I don’t know about you, but this month I’m harvesting a bumper crop of tomatoes! I planted two plants back in late May, one a Marzano variety, great for sauce making and a Beef Steak type for amazing raw eating. Our summer here in Edmonton has been very hot and dry, so I’ve fed and watered these plants lovingly all season.
My tender loving care has certainly paid off! We are really enjoying tasty treats like BLT’s on a Sunday morning complimented with fresh basil, Tomato Bocconcini salads, Greek salads with added fresh oregano, and the Marzanos have produced the best fresh tomato sauce ever! I still have lots to use and pick so I’m looking forward to roasting some until gooey, spreading on toasted baguettes slathered in goat cheese and fresh herbs for a yummy appetizer.
But tomatoes can be really tricky to pair with wine. Raw, they jewel up a green salad with a vinaigrette dressing, but these elements can overpower even the most acidic wine variety. Cooked, as we know from gorgeous Italian pasta sauces, they pair with a standard Italian Chianti. But how can we dazzle ourselves and enhance our summer meals to find that match made in heaven?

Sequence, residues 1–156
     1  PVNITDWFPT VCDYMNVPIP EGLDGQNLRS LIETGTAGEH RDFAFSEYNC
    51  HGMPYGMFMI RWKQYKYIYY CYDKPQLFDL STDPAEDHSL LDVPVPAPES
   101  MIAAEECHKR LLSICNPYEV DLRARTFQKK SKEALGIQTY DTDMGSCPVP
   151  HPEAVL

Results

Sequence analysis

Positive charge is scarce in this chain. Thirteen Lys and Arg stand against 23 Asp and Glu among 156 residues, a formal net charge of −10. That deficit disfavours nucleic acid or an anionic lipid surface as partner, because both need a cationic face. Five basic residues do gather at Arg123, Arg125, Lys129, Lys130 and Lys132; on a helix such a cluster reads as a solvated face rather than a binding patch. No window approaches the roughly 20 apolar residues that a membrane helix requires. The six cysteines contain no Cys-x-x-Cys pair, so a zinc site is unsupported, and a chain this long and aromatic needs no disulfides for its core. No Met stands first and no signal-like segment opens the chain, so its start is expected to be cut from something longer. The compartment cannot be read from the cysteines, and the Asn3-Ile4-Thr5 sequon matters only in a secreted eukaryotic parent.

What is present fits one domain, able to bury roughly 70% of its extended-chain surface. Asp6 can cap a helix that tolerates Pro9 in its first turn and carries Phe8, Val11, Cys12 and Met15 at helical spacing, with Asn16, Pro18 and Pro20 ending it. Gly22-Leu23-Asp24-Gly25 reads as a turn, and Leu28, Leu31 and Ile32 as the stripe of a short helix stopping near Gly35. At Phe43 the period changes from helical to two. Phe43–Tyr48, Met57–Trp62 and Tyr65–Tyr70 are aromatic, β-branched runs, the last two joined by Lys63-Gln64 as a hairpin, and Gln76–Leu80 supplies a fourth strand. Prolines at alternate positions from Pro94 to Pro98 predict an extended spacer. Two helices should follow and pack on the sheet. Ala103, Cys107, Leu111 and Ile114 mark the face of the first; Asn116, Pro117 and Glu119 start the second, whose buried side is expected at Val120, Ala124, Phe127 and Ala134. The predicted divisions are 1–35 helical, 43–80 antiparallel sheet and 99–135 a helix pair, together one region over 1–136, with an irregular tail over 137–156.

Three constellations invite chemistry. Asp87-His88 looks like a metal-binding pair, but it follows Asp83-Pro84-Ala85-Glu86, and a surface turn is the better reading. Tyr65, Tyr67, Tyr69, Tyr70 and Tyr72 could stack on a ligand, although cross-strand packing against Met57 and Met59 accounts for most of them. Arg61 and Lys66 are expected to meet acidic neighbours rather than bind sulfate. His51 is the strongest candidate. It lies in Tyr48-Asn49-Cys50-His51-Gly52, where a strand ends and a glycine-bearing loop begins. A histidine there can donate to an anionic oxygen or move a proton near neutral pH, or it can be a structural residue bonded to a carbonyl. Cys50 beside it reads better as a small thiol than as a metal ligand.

Logic tells me to think about where tomatoes are grown. Not from my measly plants in my backyard in Edmonton! But those exotic sunny warm Mediterranean countries where the tomato is Queen.
Italy is dominant when it comes to tomatoes in cuisine and even a simple Margarita pizza served with a refreshing chilled Lambrusco on a hot afternoon is a perfect late lunch or snack. Spaghetti Bolognaise oozing with fragrant tomatoes and subtly spiced meat is magic with a robust Chianti Classico.
A delightful new pairing I’ve discovered with that little appetizer I mentioned previously, is a popular combination at trendy alfresco restaurants in France’s Provence Region, also located along the Mediterranean. Gently roasted tomatoes in olive oil, salt, garlic, and basil spread on hunks of baguette with goat cheese slathered on them is perfect accompanied by a chilled dry Provence Rose. The acidity and delicate flavours of the wine are a perfect foil for this simple repast.
Keeping with our French wine theme, if you prefer a red wine, try a Rhone style blend of Grenache, Syrah, Mourvèdre. Your palate will delight with the many nuances and flavours that erupt when paired with roasted or sauced tomatoes.
So, while we may not be able to go to Italy or France just yet, we can travel there in our dreams and with our tastebuds. Even if you don’t grow your own tomatoes, pick up a variety of ripe ones from the market and discover your own favourite dishes with some new wine pairings from your local Wine shop.